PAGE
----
The Way We Think About Debt
Mike: One of the things we examined this week was what debt means to us as individuals. What should we think about when paying it off? There is no one right answer, of course, because debt means something different to each of us. So let’s talk about this. Logan, your debt is all consumer, right? You don’t have any student loans.
Logan: Yes, mine is consumer debt. Consumption. Ha. Yes. But it is an interesting division. Does the kind of debt matter, psychologically? When I had a car loan, I thought about that debt differently than I thought about my credit card debt.
Mike: How so?
Logan: I’m not sure. I didn’t think about the car debt, at all. So much that when I was adding up my debt last year, I had to be reminded to factor in it. To me it was another bill. But the credit card debt totally felt like this disgusting black cloud. DARK. TERRIBLE. DANGEROUS.
Mike: Maybe it’s because the car is something you needed and were happy to pay for, while your consumer debt was mostly a bunch of stuff that you wanted, but could have survived fine without. I feel that way about my student loans. I’d probably freak out about credit card debt and would want to pay it all off ASAP, but with my loans, they’re there, I pay them every month and don’t really think about it. My interest rates are pretty low and the interest accrued adds up to less than $2,500 a year, which is the deduction limit for student loan interest come tax time. Anyway, that’s boring tax talk, but what I’m getting at is that I’m not too worried about it. I know they’ll be paid off by the time I’m in my 40s—possibly sooner. And in the meantime, I can live pretty comfortably.
Logan: The car was a decision made with a sound mind, and it’s a decision that I didn’t have to validate or feel bad about. I needed a car, I bought a car, I got insurance, I made my payments. It was a good car but a modest car. The payments were reasonable. There was no sense of, I’ve really screwed myself here (though there were months when, sure, I bemoaned my month payment and thought, I’ve really screwed myself here!). The credit card debt was different in that it was a lot of tiny decisions that I validated at the time (I deserve this dinner out, I need this haircut to feel better about myself) but added up were not so easily defensible. “I spent $20K to make myself feel better,” just doesn’t work the same way, “I spent $20K to get to and from work” does. Sometimes I’ve toyed with the idea of thinking about it almost like a medical debt. I spent that money on regular sessions with a not very good or effective a therapist, called dinner and a bottle of wine.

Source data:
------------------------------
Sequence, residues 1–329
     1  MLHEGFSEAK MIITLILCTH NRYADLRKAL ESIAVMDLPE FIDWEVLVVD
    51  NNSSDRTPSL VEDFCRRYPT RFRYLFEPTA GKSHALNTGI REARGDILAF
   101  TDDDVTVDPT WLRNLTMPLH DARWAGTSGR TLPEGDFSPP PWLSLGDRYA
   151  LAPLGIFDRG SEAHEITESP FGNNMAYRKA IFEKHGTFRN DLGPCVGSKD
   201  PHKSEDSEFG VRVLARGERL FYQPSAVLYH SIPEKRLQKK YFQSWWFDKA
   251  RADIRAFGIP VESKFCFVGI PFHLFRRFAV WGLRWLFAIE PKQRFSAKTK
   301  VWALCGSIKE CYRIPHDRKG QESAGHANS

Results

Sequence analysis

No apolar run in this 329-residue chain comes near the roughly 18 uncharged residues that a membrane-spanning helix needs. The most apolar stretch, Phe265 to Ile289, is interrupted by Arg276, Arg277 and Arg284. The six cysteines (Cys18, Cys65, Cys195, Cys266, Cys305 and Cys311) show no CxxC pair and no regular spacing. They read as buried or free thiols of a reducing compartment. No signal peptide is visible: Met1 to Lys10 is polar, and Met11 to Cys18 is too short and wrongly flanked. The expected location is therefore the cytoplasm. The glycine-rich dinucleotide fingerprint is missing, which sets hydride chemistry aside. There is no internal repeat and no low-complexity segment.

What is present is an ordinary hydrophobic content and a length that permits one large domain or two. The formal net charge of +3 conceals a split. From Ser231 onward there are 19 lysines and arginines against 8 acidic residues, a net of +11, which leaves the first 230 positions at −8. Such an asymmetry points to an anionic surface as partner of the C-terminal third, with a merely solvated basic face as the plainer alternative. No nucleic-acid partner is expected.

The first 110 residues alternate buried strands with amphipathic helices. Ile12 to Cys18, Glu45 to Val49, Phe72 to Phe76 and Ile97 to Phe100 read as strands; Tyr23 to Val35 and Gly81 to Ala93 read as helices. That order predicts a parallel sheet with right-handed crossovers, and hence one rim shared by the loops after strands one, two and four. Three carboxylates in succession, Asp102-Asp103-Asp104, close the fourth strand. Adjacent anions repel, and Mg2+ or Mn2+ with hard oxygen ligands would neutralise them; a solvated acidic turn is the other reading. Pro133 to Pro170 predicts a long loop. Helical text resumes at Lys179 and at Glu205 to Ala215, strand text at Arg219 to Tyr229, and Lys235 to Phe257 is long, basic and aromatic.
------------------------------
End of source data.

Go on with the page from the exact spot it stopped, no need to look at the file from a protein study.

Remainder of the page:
Mike: But you also don’t feel the need to pay it off ASAP, right? I mean, the way I’d feel about it, or the way Lisette and her partner have decided to tackle it so aggressively. I don’t think I would tackle it as aggressively as they did/are, but I do think I’d make paying it off a priority.
Logan: Well, there was a time when I for sure felt like I had ruined my life by racking up this credit card debt, and that I wouldn’t be able to “start my life” until I paid it off. I’ve since changed my mind about that, mostly. I don’t feel ashamed about it anymore, mostly. But I didn’t ever feel that way about my car debt. I didn’t feel like the car payment held me back in the same, way, psychologically. Even though the payments, well at least for a long time, was pretty similar. I think it has something to do with the fact that interest rates on the cards are high, and so there’s this sort of feeling that I can’t save any money, that I need to pay off the cards first. But … I also don’t want to not spend any money? So in my head, it’s always been, pay bills, live, pay off cards further with extra if there is extra (the only time I’ve managed to have “extra” is when I’m close to paying off a card and just want it gone!), and then ONE DAY, I’ll save for …. something.
Mike: It’s all about finding that balance and whatever will work for you to reverse that debt back to zero. I think it’d be unrealistic for you to go from charging things without thinking about it to magically breaking all your bad habits and focusing all of your money to get your credit cards paid off. But I also think it’s fine for people to want to do that—to go through a period of misery in pursuit of some bigger goal in mind. I think about my parents—how when they were my age, I was already old enough to start school. And I think about how we lived in this awful one-bedroom apartment together—my family of five—for a few years until they had saved up enough money for a down payment for a house. I don’t remember it being so miserable, but I’m sure it was for them. They made it seem like we were one big happy family in that single bedroom, but I’m sure in the back of their minds, they were like, “The kids need their own rooms! We need our own space!” And then I was in third grade, and we had a house, and a backyard, and all that temporary misery was worth it. So, I don’t know why Lisette and her partner are putting themselves through hell while shedding their debt or what their end goal is, but I do have an understanding of why people do it.
Logan: I used to wish I was the kind of person who could do that, I used to daydream about moving somewhere and doing a job—oil fields! cruise ship dishwasher! I don’t know—where I’d work all the time and have zero places to spend money and I’d just do it for a year and then I’d pay off my debt and I’d start fresh. I do like the idea of starting fresh. But it’s not something I’m actually interested in doing. And to people who are? Bravo.
Mike: Bravo, indeed. Bravo to anyone who figures out the thing that works for them when it comes to debt (or savings, or just living, basically).